Monday, August 20, 2012

The Pemi-Loop

The “Pemi-Loop” is a hiking circuit in the Pemigewasset Wilderness of New Hampshire’s White Mountains that climbs over 9000 vertical feet in 31.5 miles.  Backpacker Magazine called it the second hardest dayhike in America, making apt references to “knee-hammering rocks” and “long stretches of abusively rocky trail.” A few years ago I tried to do it in a day, but failed.  On August 7-8 of this year (2012), I did it in a more civilized manner by spending a night at the conveniently located Galehead Hut.  

Waking at 3AM in southern Massachusetts, I drove 3.5 hours to the Lincoln Woods Visitor Center and started hiking by 7:30AM.  It was a little steamy in the morning, so the 3000-foot ascent of Mt. Flume via the Osseo Trail was somewhat taxing.  From that craggy perch, I followed the spectacular Franconia Ridge Trail for five miles to the summit of Mt. Lafayette (5260 feet), which is the highest point in the wilderness. The stretch from Little Haystack to Lafayette, which is entirely above tree-line, was hot and crowded.  

 Crossing the Pemigewasset River at the start of the loop.

 The Osseo Trail

 Mt. Liberty from just below the summit of Mt. Flume. 

 View north from the summit of Mt. Flume. I need to climb over Lincoln and Lafayette on the left and then Garfield in the middle.  Many miles before I sleep ...

 Franconia Notch

 Mt. Lincoln from Little Haystack

 Looking back down the Franconia Ridge Trail toward Little Haystack, Liberty, and Flume.

 Mt. Washington from the summit of Mt. Lafayette.

Leaving the summit of Lafayette at 2:15PM, I needed to make good time to reach the hut for dinner, which is served promptly at 6PM.  That 6.6 mile stretch from Lafayette to Galehead Hut was brutal.  It took four hours, and I was really pushing it.  I did take a quick break on the summit of Mt. Garfield, however, to enjoy the fantastic view of the Pemigewasset Wilderness. 

Looking north from the summit of Mt. Lafayette.

Descending the Garfield Ridge Trail.

A nice spot in the forest, somewhere between Lafayette and Garfield. 

 The Pemigewasset Wilderness from the summit of Mt. Garfield. 

I reached the hut a little after 6PM, having hiked around 17 miles and climbed nearly 7000 vertical feet.  No wonder I was beat!  Being the last one to check in to bunk room #4, I was relegated to the least desirable bunk – the one on the fourth level (about 12 feet up).

Dinner was good, as was the company which I was suddenly thrown in with.  Sitting down to eat in close quarters with a bunch of strangers immediately after a grueling 11-hour hike was an interesting and not entirely pleasant experience, but at least I made it to dinner.  After dinner, one of the hut employees gave a talk primarily about logging in the Pemigewasset Wilderness, and then a few of us lingered outside and watched what I think was the international space station pass overhead.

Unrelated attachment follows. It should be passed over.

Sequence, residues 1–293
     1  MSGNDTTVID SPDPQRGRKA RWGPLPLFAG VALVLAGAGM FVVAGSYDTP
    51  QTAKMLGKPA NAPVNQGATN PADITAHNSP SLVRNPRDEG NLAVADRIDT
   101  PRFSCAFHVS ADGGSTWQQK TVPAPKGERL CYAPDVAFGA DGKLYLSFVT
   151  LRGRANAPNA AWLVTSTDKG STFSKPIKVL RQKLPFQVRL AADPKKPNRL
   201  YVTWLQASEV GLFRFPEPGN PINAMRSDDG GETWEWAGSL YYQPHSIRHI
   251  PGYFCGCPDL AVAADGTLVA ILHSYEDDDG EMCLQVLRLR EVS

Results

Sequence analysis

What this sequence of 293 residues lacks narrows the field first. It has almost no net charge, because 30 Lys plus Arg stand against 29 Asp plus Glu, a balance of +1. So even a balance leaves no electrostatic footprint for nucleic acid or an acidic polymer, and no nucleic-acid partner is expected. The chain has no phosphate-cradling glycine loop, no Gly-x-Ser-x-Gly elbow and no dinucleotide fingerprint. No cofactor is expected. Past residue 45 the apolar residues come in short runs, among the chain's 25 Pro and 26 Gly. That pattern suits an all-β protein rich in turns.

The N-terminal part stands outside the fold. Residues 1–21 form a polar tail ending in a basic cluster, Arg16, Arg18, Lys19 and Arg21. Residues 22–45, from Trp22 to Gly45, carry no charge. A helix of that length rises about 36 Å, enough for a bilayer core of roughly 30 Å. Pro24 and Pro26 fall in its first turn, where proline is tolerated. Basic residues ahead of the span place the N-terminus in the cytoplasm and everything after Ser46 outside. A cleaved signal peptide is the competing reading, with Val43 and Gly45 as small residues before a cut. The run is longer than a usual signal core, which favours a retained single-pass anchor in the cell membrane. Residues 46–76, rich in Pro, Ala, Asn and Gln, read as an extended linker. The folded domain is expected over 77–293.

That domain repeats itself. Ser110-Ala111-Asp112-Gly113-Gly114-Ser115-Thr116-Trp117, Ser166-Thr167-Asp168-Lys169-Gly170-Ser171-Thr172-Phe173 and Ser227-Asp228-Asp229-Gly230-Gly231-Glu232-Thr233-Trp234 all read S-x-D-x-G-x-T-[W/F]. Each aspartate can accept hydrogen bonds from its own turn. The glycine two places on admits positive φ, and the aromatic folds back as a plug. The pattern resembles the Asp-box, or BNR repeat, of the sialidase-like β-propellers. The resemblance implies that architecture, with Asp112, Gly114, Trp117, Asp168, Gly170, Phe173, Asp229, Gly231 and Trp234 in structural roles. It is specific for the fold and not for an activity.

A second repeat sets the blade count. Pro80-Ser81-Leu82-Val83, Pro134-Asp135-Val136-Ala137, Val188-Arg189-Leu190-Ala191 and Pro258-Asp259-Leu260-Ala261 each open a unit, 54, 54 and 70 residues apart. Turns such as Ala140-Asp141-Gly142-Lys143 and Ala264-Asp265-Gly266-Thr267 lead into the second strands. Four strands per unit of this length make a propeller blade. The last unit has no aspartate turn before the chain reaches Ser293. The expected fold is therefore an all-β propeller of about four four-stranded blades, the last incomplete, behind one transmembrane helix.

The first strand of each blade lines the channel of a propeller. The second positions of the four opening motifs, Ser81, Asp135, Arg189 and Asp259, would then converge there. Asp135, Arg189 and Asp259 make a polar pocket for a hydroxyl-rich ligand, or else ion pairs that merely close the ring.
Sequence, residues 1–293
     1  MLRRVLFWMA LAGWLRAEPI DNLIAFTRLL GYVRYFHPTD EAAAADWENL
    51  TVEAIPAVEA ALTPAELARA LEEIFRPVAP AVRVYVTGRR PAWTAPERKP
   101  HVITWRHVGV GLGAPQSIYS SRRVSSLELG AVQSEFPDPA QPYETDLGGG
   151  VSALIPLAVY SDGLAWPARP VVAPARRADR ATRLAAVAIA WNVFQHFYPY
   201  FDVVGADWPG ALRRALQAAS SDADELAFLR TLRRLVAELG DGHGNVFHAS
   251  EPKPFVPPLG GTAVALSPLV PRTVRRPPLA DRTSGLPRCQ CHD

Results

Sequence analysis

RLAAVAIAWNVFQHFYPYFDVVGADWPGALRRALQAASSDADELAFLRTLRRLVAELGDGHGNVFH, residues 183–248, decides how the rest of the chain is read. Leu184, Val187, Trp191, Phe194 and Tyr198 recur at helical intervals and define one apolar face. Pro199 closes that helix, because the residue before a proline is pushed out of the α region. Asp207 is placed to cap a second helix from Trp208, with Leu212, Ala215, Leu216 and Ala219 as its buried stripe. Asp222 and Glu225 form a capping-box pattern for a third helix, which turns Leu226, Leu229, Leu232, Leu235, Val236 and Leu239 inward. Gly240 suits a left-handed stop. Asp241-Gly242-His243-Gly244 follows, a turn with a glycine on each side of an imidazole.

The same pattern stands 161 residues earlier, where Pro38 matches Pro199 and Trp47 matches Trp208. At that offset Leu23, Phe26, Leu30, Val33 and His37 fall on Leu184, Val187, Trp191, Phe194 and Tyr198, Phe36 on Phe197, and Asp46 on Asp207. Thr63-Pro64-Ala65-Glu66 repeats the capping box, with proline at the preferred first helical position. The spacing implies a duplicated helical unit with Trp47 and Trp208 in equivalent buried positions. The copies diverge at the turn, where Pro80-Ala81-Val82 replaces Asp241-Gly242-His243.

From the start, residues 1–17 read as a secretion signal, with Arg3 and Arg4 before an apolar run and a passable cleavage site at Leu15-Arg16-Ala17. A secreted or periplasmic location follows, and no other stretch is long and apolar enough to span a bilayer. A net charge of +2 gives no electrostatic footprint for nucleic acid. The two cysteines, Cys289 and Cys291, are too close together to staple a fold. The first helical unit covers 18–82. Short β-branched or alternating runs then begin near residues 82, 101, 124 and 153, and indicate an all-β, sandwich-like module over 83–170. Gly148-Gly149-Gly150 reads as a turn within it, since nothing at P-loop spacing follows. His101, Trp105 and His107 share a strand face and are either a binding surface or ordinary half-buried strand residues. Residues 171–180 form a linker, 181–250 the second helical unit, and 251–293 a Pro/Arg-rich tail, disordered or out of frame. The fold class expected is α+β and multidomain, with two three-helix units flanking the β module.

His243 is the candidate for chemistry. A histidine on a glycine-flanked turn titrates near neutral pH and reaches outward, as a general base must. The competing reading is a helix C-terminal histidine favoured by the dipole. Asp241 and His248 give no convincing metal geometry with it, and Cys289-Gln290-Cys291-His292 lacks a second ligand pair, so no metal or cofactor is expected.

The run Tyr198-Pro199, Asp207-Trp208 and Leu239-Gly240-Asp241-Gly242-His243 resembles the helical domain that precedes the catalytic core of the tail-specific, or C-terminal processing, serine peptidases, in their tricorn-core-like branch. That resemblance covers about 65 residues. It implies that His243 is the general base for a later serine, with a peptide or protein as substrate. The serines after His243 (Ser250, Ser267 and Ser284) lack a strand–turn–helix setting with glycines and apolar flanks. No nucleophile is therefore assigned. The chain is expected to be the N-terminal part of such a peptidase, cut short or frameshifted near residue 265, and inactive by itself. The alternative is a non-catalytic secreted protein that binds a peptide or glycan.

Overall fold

Galehead Hut

 Sunset from Galehead Hut

Bedtime was unfortunately miserable.  After climbing the ladder up to the fourth bunk in the dark, I realized there was no ventilation up there.  Plus, the side of the bed was only an inch higher than the mattress, which meant that I could conceivably roll over and plummet twelve feet to the hardwood floor below.  Add to that a persistent, whining mosquito, some loud snoring from bunkmates, and a need to visit the rather grubby bathroom at midnight and you’ve got a recipe for a bad night’s rest.  Miraculously, I finally got some fitful sleep after about three desperate hours of staring wide-eyed in the dark.

At 6:30AM, a very nice violin solo by one of the hut employees rousted everyone from their bunks for a breakfast of oatmeal, pancakes, and bacon.  The bacon resulted in much oohing and aahing from hungry, calorie-depleted hikers.  By 8AM I was climbing the steep trail (1000 vertical feet in .8 miles) to South Twin Mtn. and becoming increasingly aware with each step of the oatmeal, pancakes, and bacon filling my belly.

From South Twin, I headed south over Mt. Bond to Bondcliff, which might be my favorite summit in the White Mountains.  Nine miles from the nearest trailhead, Bondcliff is one of the remotest peaks in the Whites.  In fact, I had the summit to myself for the duration of my leisurely 30-minute break there.  Then, with a heavy heart, I said goodbye for the time being to these mountains I love so much – and to the memories they conjure up – and began the long plod down to the car.  

Crossing the footbridge over Franconia Brook, I allowed myself to wander down to water’s edge for an invigorating foot soak.  By 8:15PM, I was back in southern Massachusetts.  

A hazy view from the summit of South Twin.

 A typical stretch of trail in the White Mountains of NH.

The rocky trail leading toward the Bonds.

That's Mt. Lafayette in the center, viewed from near the summit of Mt. Guyot.


 Recent slide activity on Mt. Bond.

 The classic view of Bondcliff summit.

 My moment of Zen